And there’s the other side of it. Listening at GA to the problems that some other congregations have, sometimes I have to be simply grateful that my congregation has moved past many of those problems. And so let us not forget the value of General Assembly as a source of gratitude. It teaches me to be grateful for what we have here at Shawnee Mission and the way we are with each other.
A large part of General Assembly is about social justice, about growing beyond our local congregations to help create a better world. It’s about anti-racism, about working for climate change and other environmental initiatives. And, it’s about economic justice, helping us find ways to use our privilege to lift up people who have no voice.
GA is also a place of inclusion. It is, for example, one of the too few places in this world where gays, lesbians, bisexuals and transgender people can feel free to be who they are without having to hide parts of their identity. It is a place where they feel supported and where they know that others understand and accept them. A place just like their own church homes. GA reminds me of the value of our own congregations in being open to GLBT people. We never know when someone will come to our door seeking respite from a hurtful world and needing our unconditional welcome. We never know when we will make a difference in someone’s life.
There are several hundred workshops each year at GA. Running from one to the other can wear a person out. As a break from that -- and everyone needs a break from that -- I attend some of the 30 or so worship events at each GA. They are all different, they are all inspirational, and they all create possibilities as to what we might incorporate “back home.” I suspect that some people attend GA primarily for the worship experiences. Some of these services are led by youth and young adults, some are participatory, and some are contemplative. These services add the crowning touch for me and they are a big part of the reason why GA does not get old for me. It just gets better.
Reflection by Thom Belote
This morning I bring not only my own reflections about the General Assembly. I also bring thoughts by way of Michele Gaston – the fifth member of our church’s delegation to Portland. Michele couldn’t be here this morning because she is on vacation.
There are people in the world who find the idea of spending a week in constant interaction with some six-thousand strangers the closest thing to heaven. And then there are people who consider it a cause for panic. Michele is wouldn’t describer herself as a big “crowd” person, but she writes that she has come to find the people at General Assembly inspirational – inspirational in their diversity of spiritualities, backgrounds, colors, genders, and passions.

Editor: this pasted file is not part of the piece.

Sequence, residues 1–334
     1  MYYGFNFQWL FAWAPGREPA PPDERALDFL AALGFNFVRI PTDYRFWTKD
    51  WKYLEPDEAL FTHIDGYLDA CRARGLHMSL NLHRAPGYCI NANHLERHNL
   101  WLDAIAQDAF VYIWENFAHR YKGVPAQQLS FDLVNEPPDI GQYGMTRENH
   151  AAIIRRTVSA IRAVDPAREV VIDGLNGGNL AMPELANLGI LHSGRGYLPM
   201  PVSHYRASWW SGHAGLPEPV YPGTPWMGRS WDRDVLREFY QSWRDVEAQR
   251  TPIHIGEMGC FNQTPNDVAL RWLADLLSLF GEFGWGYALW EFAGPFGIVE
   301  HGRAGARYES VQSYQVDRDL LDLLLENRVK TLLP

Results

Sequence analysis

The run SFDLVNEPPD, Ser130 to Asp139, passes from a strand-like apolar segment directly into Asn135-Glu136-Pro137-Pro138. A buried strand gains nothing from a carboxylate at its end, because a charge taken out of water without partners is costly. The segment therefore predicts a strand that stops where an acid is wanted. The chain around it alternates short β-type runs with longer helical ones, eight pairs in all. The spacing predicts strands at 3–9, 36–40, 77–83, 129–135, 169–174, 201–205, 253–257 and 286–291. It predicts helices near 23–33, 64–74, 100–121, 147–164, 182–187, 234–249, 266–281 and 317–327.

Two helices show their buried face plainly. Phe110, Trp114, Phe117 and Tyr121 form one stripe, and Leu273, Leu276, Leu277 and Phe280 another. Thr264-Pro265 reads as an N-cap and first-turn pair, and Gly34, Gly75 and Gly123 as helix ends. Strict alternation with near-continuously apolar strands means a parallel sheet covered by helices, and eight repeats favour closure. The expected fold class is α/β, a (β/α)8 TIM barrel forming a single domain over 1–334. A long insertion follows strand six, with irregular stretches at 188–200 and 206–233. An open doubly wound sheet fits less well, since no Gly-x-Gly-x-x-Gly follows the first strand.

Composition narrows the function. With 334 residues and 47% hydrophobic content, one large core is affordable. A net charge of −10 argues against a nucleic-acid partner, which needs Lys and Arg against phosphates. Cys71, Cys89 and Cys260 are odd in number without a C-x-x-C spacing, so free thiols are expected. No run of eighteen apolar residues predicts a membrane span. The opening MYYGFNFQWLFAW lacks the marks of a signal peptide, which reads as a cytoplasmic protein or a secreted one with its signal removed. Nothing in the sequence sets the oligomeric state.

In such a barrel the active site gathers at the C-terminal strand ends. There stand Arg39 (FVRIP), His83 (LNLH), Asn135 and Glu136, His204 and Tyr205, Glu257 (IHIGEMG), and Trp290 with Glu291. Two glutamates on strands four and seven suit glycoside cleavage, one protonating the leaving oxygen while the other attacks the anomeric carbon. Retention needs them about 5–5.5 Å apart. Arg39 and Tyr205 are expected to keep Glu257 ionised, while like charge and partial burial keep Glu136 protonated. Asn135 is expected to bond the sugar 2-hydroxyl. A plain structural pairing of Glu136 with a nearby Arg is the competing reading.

This year was my ninth general assembly. (Don, you got me beat by one!) But instead of a four-and-a half-day assembly, I’m expected to arrive an extra four days early for meetings, trainings, and continuing education events designed specifically for ministers. This gives me a different perspective: instead of attending the opening ceremony, I am participating in an orientation for new members of the Ministers Association Executive Committee. Instead of attending a workshop session, I am meeting with members of the UUA board as they negotiate with the minister’s association to seek our input on an issue such as a change in the funding for our seminaries. This is not to boast of conversations in swanky suites – only to say that my experience there is almost a parallel universe. It is so much off the map.
When asked, the thing I always say I most look forward to what is often my once a year chance to see that classmate of mine from seminary – the one who now lives in San Diego, or perhaps the one in New Jersey, or my mentor from Texas or friend from Colorado. This touches me deeply and helps to renew me.
But there are always other things that stir my passion. Three days before General Assembly started, I spent a day at a training for ministers who hope to become internship supervisors. Our is hopeful that we will be able to have an Intern Minister (a student preparing for ministry who spends a year in hands on learning with us) in Fall 2008. I think our church is particularly well-suited to care for and prepare and cultivate and develop and imprint a person training for the ministry. Done well, it is transformational to the intern, to the mentor (myself), and to the congregation who shares in the joy of helping to shape the future of the movement.
So, that is one thing I come away passionate about. The other thing I come away passionate about is actually a whole lot less concrete. One thing I picked up on – at workshops, in conversations, on blogs dissecting the General Assembly weeks later, in worship, everywhere – was such a hunger and a thirst for our faith to be a source of profound transformation in the lives of people in the world. It was in the air. It was exciting.
And so, like church, what I get from General Assembly is not merely confirmation, reassurance, reminders of my own (our own) rightness and righteousness. It get challenged to become, awaken, and be transformed in my own life and to be an aid, a balm, a coaxing and supporting force in the world’s transformation.
I want to close with a quote that Michele sent to me. (Honestly, I know not to whom to attribute it.) It sums up what Jim said about connecting, what Connie said about belonging, what Don said about inclusion, and what I have said just said about transformation. The quote goes like this:
“As I come to know you, I come to know myself better. And together through our intention and connection, we can bring the influence of compassion, diversity, and purpose to a world in need of healing.”